The flower that trumpets spring.
We don’t have harsh enough winters in Southern California to warrant sheer happiness at the sight of flowers in bloom. But spring is a time for fresh starts and color. And nothing announces spring like the daffodil.
How delightful is it to walk around, or sit on the front-porch glider, and look at all that color?
The flower has an interesting history. It signifies respect and admiration. In ancient Egypt, the skins from the daffodil bulb were placed on the eyes and mouth of mummies.
It also goes by the name Lent lily, because it blooms around lent time, and narcissi.
In Greek mythology “Narcissus” was the young man who fell so in love with his own reflection that he rejected the nymph Echo and was punished by the gods (thus “narcissistic”).
As the story goes, he leaned to kiss his own reflection and fell in the water, never to resurface, and the daffodil sprang up on the water’s edge where he had been kneeling.
Where I live, it gets very hot in the summer and windy in the winter. Bad conditions for the flower, yet when my mother visited, she insisted on planting daffodils in my backyard with the caveat, “they’ll be fine if you take care of them.” I water them often, after checking the soil (as per Mom’s instructions). And they are fine and beautiful.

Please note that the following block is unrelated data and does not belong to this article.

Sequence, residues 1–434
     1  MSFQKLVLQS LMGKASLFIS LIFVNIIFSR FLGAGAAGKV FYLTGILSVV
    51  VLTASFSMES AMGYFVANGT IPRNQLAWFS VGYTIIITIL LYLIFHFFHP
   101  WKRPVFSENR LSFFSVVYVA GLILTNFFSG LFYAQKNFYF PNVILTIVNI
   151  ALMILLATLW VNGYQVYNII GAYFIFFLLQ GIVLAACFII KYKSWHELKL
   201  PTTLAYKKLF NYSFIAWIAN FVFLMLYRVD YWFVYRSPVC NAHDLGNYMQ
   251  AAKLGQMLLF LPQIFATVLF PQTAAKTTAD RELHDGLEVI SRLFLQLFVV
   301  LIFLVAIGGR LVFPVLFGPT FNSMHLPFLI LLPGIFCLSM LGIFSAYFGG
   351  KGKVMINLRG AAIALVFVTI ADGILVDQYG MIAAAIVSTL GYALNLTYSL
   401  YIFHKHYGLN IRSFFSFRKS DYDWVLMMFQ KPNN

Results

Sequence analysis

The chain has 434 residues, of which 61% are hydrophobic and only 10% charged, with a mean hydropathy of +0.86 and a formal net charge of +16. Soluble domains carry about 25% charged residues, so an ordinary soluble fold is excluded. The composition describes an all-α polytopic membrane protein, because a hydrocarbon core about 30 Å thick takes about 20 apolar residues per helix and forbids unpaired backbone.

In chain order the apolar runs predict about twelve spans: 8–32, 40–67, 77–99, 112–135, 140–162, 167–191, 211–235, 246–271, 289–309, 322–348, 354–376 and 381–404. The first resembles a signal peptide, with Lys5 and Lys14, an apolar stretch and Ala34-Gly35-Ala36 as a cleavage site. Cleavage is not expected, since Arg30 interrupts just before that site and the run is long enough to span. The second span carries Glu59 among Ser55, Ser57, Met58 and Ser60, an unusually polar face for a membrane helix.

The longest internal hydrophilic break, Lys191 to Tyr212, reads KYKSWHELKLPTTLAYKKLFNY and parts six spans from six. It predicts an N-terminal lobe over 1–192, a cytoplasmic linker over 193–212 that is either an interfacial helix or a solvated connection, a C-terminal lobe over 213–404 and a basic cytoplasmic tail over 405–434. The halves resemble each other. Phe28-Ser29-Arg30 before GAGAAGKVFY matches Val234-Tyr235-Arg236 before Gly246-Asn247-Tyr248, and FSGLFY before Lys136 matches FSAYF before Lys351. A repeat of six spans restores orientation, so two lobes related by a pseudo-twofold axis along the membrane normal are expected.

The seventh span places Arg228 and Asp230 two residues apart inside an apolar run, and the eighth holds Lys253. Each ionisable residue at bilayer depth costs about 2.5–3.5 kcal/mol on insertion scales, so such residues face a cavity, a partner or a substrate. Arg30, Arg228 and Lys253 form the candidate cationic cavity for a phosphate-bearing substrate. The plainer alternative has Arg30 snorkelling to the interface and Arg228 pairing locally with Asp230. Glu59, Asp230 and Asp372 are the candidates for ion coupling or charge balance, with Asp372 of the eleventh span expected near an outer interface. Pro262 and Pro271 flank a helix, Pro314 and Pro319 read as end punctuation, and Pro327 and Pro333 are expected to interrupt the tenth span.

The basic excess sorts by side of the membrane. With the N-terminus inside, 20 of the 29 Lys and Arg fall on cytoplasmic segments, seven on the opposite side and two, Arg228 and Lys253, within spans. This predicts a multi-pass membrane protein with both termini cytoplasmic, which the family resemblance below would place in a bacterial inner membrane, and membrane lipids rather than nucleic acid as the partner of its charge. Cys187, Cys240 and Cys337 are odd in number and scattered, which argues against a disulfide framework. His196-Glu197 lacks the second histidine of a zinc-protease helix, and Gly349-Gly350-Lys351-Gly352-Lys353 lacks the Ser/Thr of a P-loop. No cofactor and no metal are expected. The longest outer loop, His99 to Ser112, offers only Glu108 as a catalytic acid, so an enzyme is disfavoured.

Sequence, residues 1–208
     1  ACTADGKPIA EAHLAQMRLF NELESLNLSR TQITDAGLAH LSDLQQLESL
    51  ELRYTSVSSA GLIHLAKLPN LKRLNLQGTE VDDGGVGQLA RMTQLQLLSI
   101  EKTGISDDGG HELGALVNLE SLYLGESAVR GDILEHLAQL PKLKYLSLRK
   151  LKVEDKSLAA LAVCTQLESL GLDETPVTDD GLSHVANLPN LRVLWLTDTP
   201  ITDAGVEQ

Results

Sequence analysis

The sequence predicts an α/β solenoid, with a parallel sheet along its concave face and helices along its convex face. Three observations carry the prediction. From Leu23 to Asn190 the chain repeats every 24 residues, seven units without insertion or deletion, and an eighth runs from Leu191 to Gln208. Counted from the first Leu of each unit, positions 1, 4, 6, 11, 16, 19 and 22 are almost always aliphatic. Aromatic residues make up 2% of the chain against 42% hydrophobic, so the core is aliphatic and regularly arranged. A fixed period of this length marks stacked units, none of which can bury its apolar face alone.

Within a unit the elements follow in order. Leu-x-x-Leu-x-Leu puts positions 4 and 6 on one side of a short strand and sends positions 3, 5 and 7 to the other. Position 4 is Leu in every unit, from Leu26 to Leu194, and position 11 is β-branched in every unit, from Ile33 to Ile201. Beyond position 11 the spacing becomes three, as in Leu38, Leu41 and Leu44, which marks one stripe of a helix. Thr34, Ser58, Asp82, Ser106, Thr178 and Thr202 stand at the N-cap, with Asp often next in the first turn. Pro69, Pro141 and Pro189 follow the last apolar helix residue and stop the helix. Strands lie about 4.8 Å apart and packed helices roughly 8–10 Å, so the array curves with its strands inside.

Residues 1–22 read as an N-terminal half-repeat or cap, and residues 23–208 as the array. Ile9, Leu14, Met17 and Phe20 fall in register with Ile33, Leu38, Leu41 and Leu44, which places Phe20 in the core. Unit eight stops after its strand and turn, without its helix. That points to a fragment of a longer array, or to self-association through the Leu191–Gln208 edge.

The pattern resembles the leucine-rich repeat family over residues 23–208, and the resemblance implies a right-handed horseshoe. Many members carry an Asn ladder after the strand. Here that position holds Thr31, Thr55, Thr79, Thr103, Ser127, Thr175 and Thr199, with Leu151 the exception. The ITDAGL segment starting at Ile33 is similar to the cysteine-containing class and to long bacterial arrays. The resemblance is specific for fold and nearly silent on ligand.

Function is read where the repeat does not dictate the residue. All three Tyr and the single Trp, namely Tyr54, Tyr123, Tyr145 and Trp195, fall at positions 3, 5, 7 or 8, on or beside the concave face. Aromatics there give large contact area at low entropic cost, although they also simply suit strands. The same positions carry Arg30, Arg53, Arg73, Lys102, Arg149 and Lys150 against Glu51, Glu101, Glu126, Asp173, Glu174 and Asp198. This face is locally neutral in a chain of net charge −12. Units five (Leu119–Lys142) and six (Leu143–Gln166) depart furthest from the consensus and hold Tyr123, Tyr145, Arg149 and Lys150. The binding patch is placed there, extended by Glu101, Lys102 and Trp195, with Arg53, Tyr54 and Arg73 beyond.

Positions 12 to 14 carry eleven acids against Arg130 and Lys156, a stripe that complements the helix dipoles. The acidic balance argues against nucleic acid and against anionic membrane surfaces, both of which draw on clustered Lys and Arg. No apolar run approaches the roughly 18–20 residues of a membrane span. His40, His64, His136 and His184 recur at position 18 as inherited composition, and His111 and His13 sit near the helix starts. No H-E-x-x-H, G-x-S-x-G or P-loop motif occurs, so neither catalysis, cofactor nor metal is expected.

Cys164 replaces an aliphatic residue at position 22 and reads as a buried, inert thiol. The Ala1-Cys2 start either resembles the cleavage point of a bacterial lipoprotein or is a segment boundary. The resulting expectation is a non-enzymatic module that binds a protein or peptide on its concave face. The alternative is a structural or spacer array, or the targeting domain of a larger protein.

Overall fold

Color brings joy to life, doesn’t it? Californians travel in droves to the Nevada, Utah, and Arizona deserts to see wildflowers bloom. Of course, the desert flowers are unique. You see a lot of purple, blue, pink, and orange combinations.
At home, we have McLaughlin’s Hill in Volcano, California — four acres devoted to the annual planting of daffodils.
The owners do not advertise the farm as a business. It is a quiet destination for those who want to enjoy the sight of flowers in bloom during spring break.
Visitors purchase food, beverages and souvenirs, as the proceeds benefit non-profit groups. A great venture all around — money for charities and a hillside filled with brilliant yellow. How is that for color loving folks?
Photo credits: Yellow and red daffodil by Loadmaster (David R. Tribble), from Wikimedia Commons; McLaughlin’s Daffodil Hill in Volcano, California, by arlenevpoma hubpages.